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I tested Nvidia’s new RTX feature, and it fixed the worst part of PC gaming

You wouldn’t suspect that a mod like Portal: Prelude RTX would debut such a major piece of kit for the future of PC gaming. But lo and behold — it’s the first game we’ve seen with Nvidia’s new RTX IO, a feature that was announced nearly three years ago.

It’s not as flashy as ray tracing or DLSS, operating in the background and offering a slew of benefits without drawing attention to them. But according to my testing, RTX IO may have a bigger impact on PC gaming than any other RTX features.

What is RTX IO?

Portal: Prelude RTX | RTX IO Off vs On Comparison – Cake Scene

First, let’s talk about what RTX IO even is. It’s GPU-accelerated asset loading and decompression that promises faster load times, smaller install sizes, lower CPU utilization, and less texture pop-in. It does this by offloading some work your CPU does to the GPU, taking advantage of the massive core counts available on graphics cards.

When games typically load, assets are taken off the SSD and loaded into system memory. They cycle out of memory onto your CPU for decompression before returning to the memory. Once the full asset is ready, it’s sent to the graphics card. This system worked for a long time, but there’s a problem with it now: the PS5 and Xbox Series X.

As I’ve written about previously, both the PS5 and Xbox Series X have dedicated decompression hardware that cuts the CPU entirely out of this process. Assets are decompressed faster, and therefore, arrive at the GPU faster. The storage inside PCs these days is fast enough to keep up with this level of streaming, but they lack the dedicated decompression hardware to make it work. That’s where RTX IO comes in.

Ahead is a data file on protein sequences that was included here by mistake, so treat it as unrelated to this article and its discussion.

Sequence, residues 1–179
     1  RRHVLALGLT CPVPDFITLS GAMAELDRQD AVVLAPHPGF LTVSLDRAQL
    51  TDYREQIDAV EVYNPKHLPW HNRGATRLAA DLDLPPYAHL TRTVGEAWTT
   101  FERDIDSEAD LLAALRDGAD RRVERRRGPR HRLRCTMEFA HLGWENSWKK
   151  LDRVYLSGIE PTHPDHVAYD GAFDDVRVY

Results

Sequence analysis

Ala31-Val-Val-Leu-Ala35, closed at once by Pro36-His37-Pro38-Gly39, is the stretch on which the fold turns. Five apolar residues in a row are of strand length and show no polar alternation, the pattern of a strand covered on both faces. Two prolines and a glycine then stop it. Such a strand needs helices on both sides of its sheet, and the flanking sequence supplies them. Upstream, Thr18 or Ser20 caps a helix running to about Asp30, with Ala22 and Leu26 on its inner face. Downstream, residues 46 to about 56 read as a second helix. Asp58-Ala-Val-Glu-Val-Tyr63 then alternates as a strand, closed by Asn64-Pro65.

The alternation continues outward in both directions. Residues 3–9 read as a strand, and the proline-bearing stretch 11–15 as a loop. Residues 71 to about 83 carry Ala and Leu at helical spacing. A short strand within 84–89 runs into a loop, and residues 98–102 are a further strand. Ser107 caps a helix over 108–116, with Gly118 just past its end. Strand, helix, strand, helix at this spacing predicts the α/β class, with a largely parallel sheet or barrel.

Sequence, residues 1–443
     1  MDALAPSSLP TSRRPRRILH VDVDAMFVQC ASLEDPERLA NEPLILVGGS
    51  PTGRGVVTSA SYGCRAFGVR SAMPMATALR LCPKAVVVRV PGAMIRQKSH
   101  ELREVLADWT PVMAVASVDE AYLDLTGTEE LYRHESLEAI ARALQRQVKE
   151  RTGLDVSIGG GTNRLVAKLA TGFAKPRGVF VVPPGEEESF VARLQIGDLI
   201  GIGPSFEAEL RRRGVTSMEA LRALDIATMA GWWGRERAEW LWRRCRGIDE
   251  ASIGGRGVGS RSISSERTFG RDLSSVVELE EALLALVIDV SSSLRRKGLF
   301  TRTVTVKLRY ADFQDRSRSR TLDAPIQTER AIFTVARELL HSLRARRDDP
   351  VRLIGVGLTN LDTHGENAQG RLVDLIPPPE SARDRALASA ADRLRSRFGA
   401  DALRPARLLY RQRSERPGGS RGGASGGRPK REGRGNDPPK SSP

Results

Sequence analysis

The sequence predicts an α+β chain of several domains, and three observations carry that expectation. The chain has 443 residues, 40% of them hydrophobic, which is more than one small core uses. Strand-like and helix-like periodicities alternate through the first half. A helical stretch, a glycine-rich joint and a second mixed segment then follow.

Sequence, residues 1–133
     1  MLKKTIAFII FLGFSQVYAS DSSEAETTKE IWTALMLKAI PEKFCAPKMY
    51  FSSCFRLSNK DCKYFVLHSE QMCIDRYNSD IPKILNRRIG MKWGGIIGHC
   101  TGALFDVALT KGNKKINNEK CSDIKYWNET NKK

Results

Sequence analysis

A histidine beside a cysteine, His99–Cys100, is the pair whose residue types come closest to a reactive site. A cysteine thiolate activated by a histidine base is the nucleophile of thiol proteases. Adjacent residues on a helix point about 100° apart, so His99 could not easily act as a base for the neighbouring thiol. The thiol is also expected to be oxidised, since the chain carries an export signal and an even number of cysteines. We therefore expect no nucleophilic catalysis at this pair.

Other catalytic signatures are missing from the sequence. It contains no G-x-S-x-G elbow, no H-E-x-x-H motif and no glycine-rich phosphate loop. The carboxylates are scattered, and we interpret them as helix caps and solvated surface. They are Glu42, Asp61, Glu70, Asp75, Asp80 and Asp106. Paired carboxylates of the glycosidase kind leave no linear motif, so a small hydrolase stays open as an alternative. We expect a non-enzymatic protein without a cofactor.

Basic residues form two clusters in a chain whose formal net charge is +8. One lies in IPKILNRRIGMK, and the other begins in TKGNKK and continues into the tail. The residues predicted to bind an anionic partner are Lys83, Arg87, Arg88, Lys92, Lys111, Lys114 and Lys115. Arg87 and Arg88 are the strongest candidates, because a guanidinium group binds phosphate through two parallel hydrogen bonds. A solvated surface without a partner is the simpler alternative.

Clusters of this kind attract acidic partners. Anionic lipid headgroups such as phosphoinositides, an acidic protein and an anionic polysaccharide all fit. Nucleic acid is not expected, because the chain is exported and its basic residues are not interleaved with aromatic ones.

Diagram showing Nvidia's RTX IO technology.

Compressed data comes off the SSD into system memory and it goes straight to the GPU. It’s passed through GDeflate, Nvidia’s open-source data compression scheme built for GPUs, and it’s immediately ready at the GPU.

If you keep up with this tech, you can probably spot the similarity to Microsoft’s DirectStorage. RTX IO works on top of DirectStorage, and it even supports Vulkan extensions, allowing it to work in games like Portal: Prelude RTX. None of this is proprietary, either; there’s been plenty of finger-wagging at Nvidia over its (now open-source) Deep Learning Super Sampling, but RTX IO works on any DirectX 12 graphics card.

But does it work?

Portal Prelude RTX image comparison.
Image used with permission by copyright holder

This is all great in theory, but GPU decompression is uncharted territory on PC — even with games like Forspoken that support DirectStorage. You don’t need to look further than the install size to see that RTX IO is working. If you were to download Portal: Prelude RTX right now, you’ll see it’s around 24GB (exactly 24.29GB at the time of writing). With RTX IO off, the total install size is 39.16GB. That’s a 38% reduction in install size for the exact same game.

Texture loading was much faster, too. In one scene, it took 3.13 seconds for textures to load in with RTX IO off, seeing a noticeable pop-in. With RTX IO on, they arrived in 1.36 seconds. In the most demanding scene I looked at, it took 6.34 seconds for textures to load with RTX IO off. Turned on, they arrived in only 2.51 seconds.